BATAVIA, N.Y. (WIVB) — New York State Police Collision Reconstruction Unit responds to about a hundred crashes per year. The summer months mean more crashes and collisions on roadways, especially during the 100 deadliest days of summer between Memorial Day and Labor Day.
“It’s our job to go out there and investigate the contributing factors to the collision and determine how or why these collisions happen,” Trooper Thomas Rzepecki, an investigator with the unit, told NEWS10 sister station News 4.
Technology and training give the collision reconstruction unit the tools it needs to know what exactly happened before, during and after a crash. The unit also uses witness statements to string the story together, but the physical data is critical to the reconstruction of a crash.
“We like to rely on that physical evidence,” Investigator Rzepecki said. “Based on that evidence, the tire marks on the roadway or whatever we see on scene, we can apply the Laws of Motion and come up with a cause for how those cars came together.”
The unit utilizes technology like drones, satellite imagery and real-life renderings of the scene to know exactly what was happening before during and after the crash. Investigators also analyze data from the black boxes in the car and are able to identify the cause of the crash.
As the technology in vehicles continues to advance, the unit has to stay up to date with new software, measuring instruments and other technology, which paint a clear picture of what was happening in the vehicles seconds before impact. This data can make driving safer to avoid future crashes.
“On scene, we start with digital photography and then move on to the global navigation satellite system. It’s essentially like a giant pencil drawing the scene to scale. From there, we use drone technology to map the entire collision scene,” Trooper Nicholas Overturf, an investigator with the specialized unit, said. “Doing the reconstruction, we are able to figure out the contributing factors to that accident and use that data and find trends, maybe a roadway that’s unsafe, or a speed that is a little too fast.”
They say it is critical to stay up to date with technology so this unit can stay ahead of the curve, especially as technology in vehicles gets more advanced.
The investigators also go through extensive training, including recreating live accidents to understand how speed, acceleration and other forces have a role in crashes.
“You know what information you’re looking for: the kind of damage that will be done to a vehicle, the kind of damage that will be done to someone involved in the vehicle, a pedestrian or a motorcycle for example. The kind of damage you’d expect based on the speeds we saw live,” Investigator Overturf said. “During the investigation, we also use airbag control modules which can measure the forces acting on the car, vehicle speeds, vehicle dynamics.”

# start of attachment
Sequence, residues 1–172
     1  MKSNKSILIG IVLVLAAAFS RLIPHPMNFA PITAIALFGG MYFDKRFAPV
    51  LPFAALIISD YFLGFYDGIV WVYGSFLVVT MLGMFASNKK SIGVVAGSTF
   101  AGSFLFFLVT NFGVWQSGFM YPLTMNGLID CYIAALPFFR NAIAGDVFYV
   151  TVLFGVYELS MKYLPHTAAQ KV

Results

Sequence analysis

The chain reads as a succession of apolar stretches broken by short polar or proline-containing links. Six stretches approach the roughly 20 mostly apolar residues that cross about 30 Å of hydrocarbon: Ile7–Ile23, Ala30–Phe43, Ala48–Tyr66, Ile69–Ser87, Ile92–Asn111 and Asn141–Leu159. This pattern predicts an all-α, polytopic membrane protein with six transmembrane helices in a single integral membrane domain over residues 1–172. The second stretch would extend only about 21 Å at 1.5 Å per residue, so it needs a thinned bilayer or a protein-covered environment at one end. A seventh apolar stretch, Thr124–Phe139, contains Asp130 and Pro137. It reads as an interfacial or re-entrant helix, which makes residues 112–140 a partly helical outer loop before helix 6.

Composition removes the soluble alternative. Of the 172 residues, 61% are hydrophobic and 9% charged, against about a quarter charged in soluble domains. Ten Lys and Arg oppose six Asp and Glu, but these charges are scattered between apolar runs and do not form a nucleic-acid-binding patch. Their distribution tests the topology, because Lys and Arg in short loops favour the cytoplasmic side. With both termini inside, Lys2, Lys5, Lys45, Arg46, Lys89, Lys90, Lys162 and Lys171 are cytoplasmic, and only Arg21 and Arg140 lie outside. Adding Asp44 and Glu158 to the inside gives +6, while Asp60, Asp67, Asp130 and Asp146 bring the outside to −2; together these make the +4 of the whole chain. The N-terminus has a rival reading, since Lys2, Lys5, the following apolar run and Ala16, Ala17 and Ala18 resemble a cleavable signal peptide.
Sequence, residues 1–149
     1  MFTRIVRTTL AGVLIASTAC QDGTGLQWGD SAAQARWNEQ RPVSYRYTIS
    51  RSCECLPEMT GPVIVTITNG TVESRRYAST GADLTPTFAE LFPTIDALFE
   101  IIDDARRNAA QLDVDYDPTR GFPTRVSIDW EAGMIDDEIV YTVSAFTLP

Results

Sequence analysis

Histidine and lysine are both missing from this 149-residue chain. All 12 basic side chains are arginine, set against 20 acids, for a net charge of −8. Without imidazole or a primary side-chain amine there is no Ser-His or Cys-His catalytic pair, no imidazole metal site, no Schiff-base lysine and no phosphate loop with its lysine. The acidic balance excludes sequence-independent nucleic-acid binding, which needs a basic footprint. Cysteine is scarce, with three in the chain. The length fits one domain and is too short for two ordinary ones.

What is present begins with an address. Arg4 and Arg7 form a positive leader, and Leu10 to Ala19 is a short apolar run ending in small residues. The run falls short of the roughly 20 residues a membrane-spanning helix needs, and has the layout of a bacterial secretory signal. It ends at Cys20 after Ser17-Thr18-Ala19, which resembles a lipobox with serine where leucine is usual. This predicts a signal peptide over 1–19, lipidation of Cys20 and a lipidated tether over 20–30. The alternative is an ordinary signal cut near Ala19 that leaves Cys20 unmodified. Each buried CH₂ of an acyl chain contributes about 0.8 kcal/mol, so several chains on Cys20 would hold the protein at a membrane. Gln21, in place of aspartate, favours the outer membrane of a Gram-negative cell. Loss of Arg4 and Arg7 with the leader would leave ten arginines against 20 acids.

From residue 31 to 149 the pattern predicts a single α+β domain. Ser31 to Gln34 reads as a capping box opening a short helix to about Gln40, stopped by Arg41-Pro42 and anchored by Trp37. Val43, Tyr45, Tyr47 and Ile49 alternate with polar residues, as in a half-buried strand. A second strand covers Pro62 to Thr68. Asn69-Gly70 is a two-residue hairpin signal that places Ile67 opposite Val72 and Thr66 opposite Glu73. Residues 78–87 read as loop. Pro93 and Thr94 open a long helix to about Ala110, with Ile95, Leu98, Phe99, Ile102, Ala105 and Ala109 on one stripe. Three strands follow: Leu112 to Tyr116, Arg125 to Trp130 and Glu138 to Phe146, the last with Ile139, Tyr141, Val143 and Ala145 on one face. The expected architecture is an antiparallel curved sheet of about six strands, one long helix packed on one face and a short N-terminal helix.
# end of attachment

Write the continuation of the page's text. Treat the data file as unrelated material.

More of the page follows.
The summer season means more deadly crashes, especially between the end of May and September. Trooper James O’Callaghan said this is due to many factors, including speeding, distracted driving, impaired driving, an increase in motorcyclists and new drivers hitting the road.
“What we’re seeing is a lot more collisions — speed related, distracted driving related. It’s sunny outside, people tend to drive a little bit quicker,” Trooper O’Callaghan said.
This unit is about finding answers to very complicated questions, providing closure during some of the most difficult moments.
“Every time we get a call to respond to the scene of a crash, it is a tragedy for someone,” Investigator Rzepecki added. “Because of this crash, a family member, a loved one, a close friend isn’t coming home today, and it’s our commitment to find out what happened and why it happened, and it’s our job to give a voice to those who no longer have one.”
New York State Police said deadly crashes are on the rise. Between Memorial Day and Labor Day in 2022, Troop A responded to 10 fatal crashes in Western New York. There were 96 fatal crashes investigated by the entire New York State Police agency. In 2023, Troop A has responded to four fatal crashes, and the entire agency has investigated 66 statewide. This is an increase from years past.
State Police said drivers should stay off their phones and just because the weather is nicer, doesn’t mean drivers should go faster. They said speed is the number one factor in serious collisions, especially in the sunny, summer weather.